Aerial Video Storytelling

Running a drone business is not only about flying a drone. One of the important skills you need to hone is creating compelling aerial video footage for your clients.

What you will deliver for your clients will be a package of aerial video and photos from the flight. This bundle will represent your company, your skill level, and your value, so deliver a quality product to every customer every time. Standardizing your deliverable will be important so you can be consistent, and efficient in assembling it after you return from the flight site.

John Deans

John Deans, author of Become a U.S. Commercial Drone Pilot

Just after the deal is made for you to shoot a location, look it up on Google Earth to begin visualizing how you are going to tell a story about what this place is like with the video you are going to make. Look at the entries and exits to and from the road. See what a first-time visitor would experience and highlight those views from the air.

Note both the positives and the negatives of the site. When shooting a real estate project, plan to highlight entities such as ponds and lakes, ridges and hills, and all types of wildlife both domestic and freeroaming. Shy away from large power line towers, petroleum pipelines, burn piles, trash heaps, and discarded, large items such as junk cars and dilapidated barns. The realtor has to disclose the existence of those eyesores, but you do not need to showcase them.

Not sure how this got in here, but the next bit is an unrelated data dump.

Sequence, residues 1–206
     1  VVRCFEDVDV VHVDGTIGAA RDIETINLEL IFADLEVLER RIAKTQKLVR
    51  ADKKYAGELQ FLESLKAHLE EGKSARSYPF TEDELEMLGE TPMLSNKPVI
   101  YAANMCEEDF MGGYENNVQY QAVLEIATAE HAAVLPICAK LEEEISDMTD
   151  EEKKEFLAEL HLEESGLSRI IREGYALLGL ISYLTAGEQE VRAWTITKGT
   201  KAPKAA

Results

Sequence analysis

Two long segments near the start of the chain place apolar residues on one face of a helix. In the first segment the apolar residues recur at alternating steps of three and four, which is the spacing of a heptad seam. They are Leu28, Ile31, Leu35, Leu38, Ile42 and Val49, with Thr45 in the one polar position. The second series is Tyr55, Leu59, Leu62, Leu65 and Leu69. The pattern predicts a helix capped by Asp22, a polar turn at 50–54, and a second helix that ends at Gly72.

The larger and more infrastructure-rich the site is, the more you need to compile a structured flow to your video. Have an opening scene entering the property from the road at a higher altitude, going forward but lowering as you proceed through the gate. Work your way around the residence, showing the property boundaries by flying sideways just outside the external fence line with the camera pointed inside the target area.

Show those positive aspects in order of importance, saving the main residence for the final scenes. Each scene should use a different maneuver such as a sweep, then scan, then rise, then rotate, then forward, etc. Try to get some sort of a 45-degree view from east, west, north, and south. Then mix in some overheads with the camera pitch at a 90-degree, straight down angle.

Finish up with the main house or the primary object as the parting shot in a reverse back away and up scene from 20 feet, rising up and fading out at 200 feet elevation, with 1,000 feet of distance away from your starting position.

For more tips on how to launch your drone business read Become a U.S. Commercial Drone Pilot by John Deans (2nd fully updated edition, October 18, 2016).

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